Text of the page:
• Paul is telling us, “Yes! That’s exactly as it should be.”
  • Not forever, but for a period of time.
  • Extreme illness.
  • A death in the family.
  • Some kind of trauma.
  • Appropriate for many members of the body to come alongside a person for a season to help them, pray for them.

Verse 25: When this happens, “NO DIVISION” (schism) AND…

Verse 25: Doing this, “the same care for one another.”

  • “Care for” = “be anxious for,” “concerned about.”
  • When Jesus not to worry about tomorrow, because tomorrow has enough worries of its own, this is the word used (Matt 6:34).
  • Here it is entirely positive.
  • Our concern for others affects us emotionally.

Verse 26: The summary: “All suffer together,” “All rejoice together” (v. 26).

  • All suffer together: toothache, step on a nail, bee sting. One part suffers, whole body is affected.
  • All rejoice together: If you’re a sprinter and your legs won you the gold medal, your whole body rejoices in that gold medal and is honored.

QUESTION 3: How are you doing with being sincerely concerned for the members of the church body?

IV. We are Gifted as Members of the Body (12:27–31)

Read 1 Corinthians 12:27–31.

Verse is a clear statement we need to hear. Talking to these Corinthian Christians he says, “YOU ARE THE BODY OF CHRIST.”

He doesn’t tell them to WORK HARD TO BE IN THE BODY OF CHRIST. He states a fact, “YOU ARE THE BODY OF CHRIST.”

Collectively that’s true. And individually that’s true, “INDIVIDUALLY MEMBERS OF IT.”

Now he connects his two big discussions so far: SPIRITUAL GIFTS and MEMBERS/BODY. How do these relate?

Verse 28: ONE CHURCH + Many different gifts:

  • First apostles
  • Second prophets
  • Third teachers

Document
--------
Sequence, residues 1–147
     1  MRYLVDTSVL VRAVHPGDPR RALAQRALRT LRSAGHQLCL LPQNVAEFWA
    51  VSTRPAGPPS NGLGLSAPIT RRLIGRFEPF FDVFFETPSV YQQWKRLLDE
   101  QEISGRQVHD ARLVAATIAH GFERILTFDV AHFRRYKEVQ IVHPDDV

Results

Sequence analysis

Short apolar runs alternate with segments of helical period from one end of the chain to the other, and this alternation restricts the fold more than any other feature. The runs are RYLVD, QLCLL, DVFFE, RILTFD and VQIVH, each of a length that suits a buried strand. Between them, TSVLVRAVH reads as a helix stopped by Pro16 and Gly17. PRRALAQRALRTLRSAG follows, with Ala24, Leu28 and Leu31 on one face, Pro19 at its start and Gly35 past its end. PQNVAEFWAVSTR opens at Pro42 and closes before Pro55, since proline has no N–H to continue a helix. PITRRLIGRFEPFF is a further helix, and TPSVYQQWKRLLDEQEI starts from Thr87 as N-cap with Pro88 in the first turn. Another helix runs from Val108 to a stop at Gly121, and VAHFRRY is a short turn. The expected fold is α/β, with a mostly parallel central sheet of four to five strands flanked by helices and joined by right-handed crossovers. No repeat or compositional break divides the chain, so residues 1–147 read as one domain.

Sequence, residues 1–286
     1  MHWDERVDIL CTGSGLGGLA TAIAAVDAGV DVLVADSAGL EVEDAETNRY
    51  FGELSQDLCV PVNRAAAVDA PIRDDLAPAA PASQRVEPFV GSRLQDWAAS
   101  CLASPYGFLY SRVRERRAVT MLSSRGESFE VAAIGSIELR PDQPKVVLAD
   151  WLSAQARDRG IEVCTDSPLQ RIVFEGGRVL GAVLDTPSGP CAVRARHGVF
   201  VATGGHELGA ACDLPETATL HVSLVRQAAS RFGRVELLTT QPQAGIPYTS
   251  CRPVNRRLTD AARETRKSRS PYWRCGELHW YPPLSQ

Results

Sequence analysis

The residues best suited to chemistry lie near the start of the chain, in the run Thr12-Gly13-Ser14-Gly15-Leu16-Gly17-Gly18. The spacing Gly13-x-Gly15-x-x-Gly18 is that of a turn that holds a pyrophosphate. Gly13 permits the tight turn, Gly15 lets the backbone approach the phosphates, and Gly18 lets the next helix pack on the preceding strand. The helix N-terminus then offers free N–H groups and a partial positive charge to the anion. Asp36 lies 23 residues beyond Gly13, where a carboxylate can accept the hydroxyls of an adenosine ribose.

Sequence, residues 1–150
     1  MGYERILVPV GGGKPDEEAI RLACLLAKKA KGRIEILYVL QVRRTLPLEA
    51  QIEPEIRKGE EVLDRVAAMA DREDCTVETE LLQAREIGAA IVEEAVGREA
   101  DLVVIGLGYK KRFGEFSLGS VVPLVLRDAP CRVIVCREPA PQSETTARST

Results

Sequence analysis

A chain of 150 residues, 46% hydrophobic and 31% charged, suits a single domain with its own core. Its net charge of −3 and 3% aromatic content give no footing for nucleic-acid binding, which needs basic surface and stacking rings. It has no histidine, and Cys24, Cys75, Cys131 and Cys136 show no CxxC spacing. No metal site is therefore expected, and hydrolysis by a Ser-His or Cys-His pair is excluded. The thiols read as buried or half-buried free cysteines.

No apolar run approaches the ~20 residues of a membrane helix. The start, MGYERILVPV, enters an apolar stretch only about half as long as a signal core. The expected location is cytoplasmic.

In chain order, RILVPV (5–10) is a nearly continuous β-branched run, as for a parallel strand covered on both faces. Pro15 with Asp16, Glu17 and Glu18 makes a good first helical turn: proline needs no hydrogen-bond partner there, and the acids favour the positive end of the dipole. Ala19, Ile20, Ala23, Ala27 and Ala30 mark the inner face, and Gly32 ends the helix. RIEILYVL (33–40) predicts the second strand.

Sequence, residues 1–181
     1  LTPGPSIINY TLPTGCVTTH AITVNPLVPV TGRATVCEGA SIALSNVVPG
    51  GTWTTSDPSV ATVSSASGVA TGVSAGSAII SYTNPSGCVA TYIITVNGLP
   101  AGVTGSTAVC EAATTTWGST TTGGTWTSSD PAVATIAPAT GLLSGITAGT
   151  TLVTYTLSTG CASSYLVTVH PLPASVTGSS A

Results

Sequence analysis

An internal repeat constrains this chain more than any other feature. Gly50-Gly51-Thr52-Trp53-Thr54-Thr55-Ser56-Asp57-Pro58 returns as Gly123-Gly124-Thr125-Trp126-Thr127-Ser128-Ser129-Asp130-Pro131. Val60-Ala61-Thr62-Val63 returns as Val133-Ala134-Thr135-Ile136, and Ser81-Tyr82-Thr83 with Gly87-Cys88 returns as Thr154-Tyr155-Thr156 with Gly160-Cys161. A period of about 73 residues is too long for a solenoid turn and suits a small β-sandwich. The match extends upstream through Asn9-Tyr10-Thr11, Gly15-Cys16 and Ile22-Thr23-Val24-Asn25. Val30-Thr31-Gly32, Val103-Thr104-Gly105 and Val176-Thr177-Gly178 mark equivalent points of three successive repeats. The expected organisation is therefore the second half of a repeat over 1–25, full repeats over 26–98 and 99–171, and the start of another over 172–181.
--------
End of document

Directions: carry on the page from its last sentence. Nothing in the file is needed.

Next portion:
• Then miracles
  • Then gifts of healing
  • Helping
  • Administrating
  • Various kinds of tongues

Not everyone is a hand or eye or ear or foot or internal organ or head. And so, we aren’t clones in how we’re gifted. Not carbon copies.

Verses 29–30: He makes this point by asking the same basic question 7 times: “Are all (pantes) ______?” The answer is NO everytime. Just as not “ALL” are apostles, so not “ALL” will speak in tongues or prophesy.

I don’t think he’s dealing with the question here “CAN ALL SPEAK IN TONGUES?” Is there a universal ability to speak in tongues. In some ways that’s beside the point in these verses.

His point is more basic, “DO ALL?” And the answer to that question is clearly no.

Because he mentions tongues AND interpretation here, it’s possible he’s focusing here on the church as it gathers together. In the gathering of believers that happens in a local church, not all speak in tongues or interpret those tongues.

Verse 31: He closes with an appeal.

  • We’re jumping into the middle of the conversation.
  • At this point he’ll lauch into 1 Cor 13, the great love chapter.
  • But verse 31 also concludes our section.
  • He’s bringing correction to their practice of the spiritual gifts—but he doesn’t want them to become cessationists and act as if some gifts have “ceased.”
  • Far from it!
  • They are to “earnestly desire the higher gifts.” “Earnestly desire” is a strong verb. It’s an intense, earnest pursuit of something you desire.
  • And “the higher gifts” are the focus of this pursuit. By that he means especially the gifts that will build up other people.
  • And then he adds that there is “a still more excellent WAY.” There’s a WAY to practice the gifts that’s “still more excellent.” It’s the way of love (1 Cor 13).
  • He’s not setting up a choice between gifts and love. He’s telling us HOW to practice the gifts. We practice them in a spirit of love for our brothers and sisters.

QUESTION 4: Do you know your gifting? Are you using it in the church?

  • This might be a brand-new concept for you.
  • This March we’re doing a spiritual gifts seminar.
  • The goal is to look at all the different spiritual gifts in the NT.
  • Explain them.
  • Also help people identify what their gift(s) might be.

Conclusion

What we are: The Body of Christ. Emphatic, repeated in this passage. Verse 27!

QUESTION 1: Are you a member of THE body of Christ?

QUESTION 2: Are you confident that you are a member of the body of Christ? Or do you struggle with feeling worthy, adequate, truly a part of it?

QUESTION 3: How are you doing with being sincerely concerned for the members of the church body?

QUESTION 4: Do you know your gifting? Are you using it in the church?

Kevin DeYoung/Ted Kluck quote from Why We Love the Church: In Praise of Institutions and Organized Religion (221–222).

Prayer and song

[1] 142 times in the NT. More than 10% in this single passage. No other NT passage comes anywhere close to this number.

[2] Gordon Fee, The First Epistle to the Corinthians, NICNT (Eerdmans, 1987), 583.